Relations between First Nations and the federal government aren’t what they used to be. First Nations leaders across Canada are frustrated with not being consulted on legislation before Parliament. In this case, it’s Bill C-27: First Nations Financial Transparency Act and many leaders feel it’s heavy-handed and gives the wrong impression of First Nations. AFN BC Regional Chief Jody Wilson-Raybould said, “They suggest that First Nation governments are corrupt, our leaders are not transparent and consequently need to be regulated by Ottawa.”
Aboriginal Affairs Minister John Duncan said they are forcing a vote on the financial transparency bill that will require First Nations chiefs and councillors to publish their salaries and expenses. The act before Parliament gained momentum as a result of research from the Canadian Taxpayers Federation that alleged more than 50 band politicians earn more than the prime minister and more than 160 are better paid than a premier.
In looking at the Canadian Taxpayers Federation’s figures one quickly sees that travel and per diems are added to the overall totals. Given the high costs of travelling from remote northern communities, it is not surprising the final totals are high. Added to this is that the federation looks at the taxable equivalent of the final figures meaning the numbers are again inflated to reflect what First Nations leaders would have to earn if they were taxed. So, if they made, for example, $10 a year the inflated figure might be $13.35 or more depending on how it was calculated.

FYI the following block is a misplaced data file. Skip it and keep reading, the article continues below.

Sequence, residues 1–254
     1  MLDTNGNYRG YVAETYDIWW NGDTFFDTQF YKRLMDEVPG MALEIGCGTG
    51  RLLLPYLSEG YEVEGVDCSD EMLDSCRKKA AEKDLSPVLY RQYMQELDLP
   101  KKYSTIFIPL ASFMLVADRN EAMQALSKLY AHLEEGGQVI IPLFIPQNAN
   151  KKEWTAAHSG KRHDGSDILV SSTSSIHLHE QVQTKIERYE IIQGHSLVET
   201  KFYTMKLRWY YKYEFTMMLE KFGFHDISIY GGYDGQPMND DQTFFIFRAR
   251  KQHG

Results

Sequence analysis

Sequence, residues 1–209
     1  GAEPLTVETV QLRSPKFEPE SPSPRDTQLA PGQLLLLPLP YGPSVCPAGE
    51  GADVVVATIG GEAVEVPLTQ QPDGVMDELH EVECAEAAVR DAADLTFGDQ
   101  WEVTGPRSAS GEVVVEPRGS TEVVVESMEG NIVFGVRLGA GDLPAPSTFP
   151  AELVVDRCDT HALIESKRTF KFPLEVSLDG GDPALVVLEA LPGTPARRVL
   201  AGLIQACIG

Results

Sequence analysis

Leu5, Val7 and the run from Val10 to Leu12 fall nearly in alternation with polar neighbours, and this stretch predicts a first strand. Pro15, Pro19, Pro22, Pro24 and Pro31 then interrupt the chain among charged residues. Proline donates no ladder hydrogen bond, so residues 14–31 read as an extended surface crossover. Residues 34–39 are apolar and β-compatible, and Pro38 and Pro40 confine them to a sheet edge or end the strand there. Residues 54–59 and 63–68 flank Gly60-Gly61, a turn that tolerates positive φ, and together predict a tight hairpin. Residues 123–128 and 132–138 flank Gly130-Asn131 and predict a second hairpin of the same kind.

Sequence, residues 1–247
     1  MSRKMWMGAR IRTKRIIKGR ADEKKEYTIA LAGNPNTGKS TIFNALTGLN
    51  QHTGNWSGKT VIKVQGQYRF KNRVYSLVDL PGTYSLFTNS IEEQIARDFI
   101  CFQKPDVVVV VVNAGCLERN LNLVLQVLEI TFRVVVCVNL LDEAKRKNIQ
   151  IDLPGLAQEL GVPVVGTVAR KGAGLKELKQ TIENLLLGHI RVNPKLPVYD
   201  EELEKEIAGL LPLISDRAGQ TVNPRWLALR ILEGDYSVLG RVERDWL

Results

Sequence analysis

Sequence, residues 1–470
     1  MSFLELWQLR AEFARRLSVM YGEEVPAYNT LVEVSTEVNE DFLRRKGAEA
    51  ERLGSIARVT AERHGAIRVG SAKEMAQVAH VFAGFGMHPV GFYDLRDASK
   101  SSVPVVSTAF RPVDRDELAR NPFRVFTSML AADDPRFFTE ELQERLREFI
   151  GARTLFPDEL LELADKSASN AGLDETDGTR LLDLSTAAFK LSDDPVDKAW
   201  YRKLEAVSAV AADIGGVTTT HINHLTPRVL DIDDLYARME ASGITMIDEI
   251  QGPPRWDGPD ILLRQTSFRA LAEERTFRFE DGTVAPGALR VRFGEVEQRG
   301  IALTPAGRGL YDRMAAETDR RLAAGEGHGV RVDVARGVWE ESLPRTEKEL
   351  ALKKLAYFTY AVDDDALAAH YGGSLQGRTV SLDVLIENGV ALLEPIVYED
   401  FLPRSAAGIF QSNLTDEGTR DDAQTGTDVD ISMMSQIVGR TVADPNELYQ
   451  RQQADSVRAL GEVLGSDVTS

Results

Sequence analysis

All that aside, the Cree communities can at any time see the salary of their leaders. They even have a say in starting salary and any raises. The Nation, in the past, printed the salaries of the Grand Chiefs, chiefs and other leaders. No leader had a problem with disclosing the information. Transparency is something we can all believe in. Residents in the American colonies revolted because of taxation without representation and that is the case here. Without input and consultation by Canada’s First Nations, the law will be fundamentally flawed and thus draconian. It shows the steps taken and promised for First Nations to achieve greater autonomy and self-governance were nothing more than empty rhetoric in the end. A lack of consent and true consultation not only signals a lack of respect for Aboriginal self-governance, but ensures a continuation of the paternalist and colonialist attitudes that have tainted federal and First Nations relationships.
In many ways the whole issue is a red herring. Checks and balances already exist and access to the information on salaries is usually available to band members willing to dig for it through Band financial statements, public meetings or Aboriginal Affairs data.
This bill, though, does take the spotlight off other issues that should be transparent and subject to accountability, such as the missing and murdered women, education, justice, lack of housing, safe drinking water, poverty, changes to the Nutrition North Program and a host of other First Nations concerns.
I agree with transparency and accountability, but it should apply to much more than a flawed act that will ultimately hinder than help First Nations.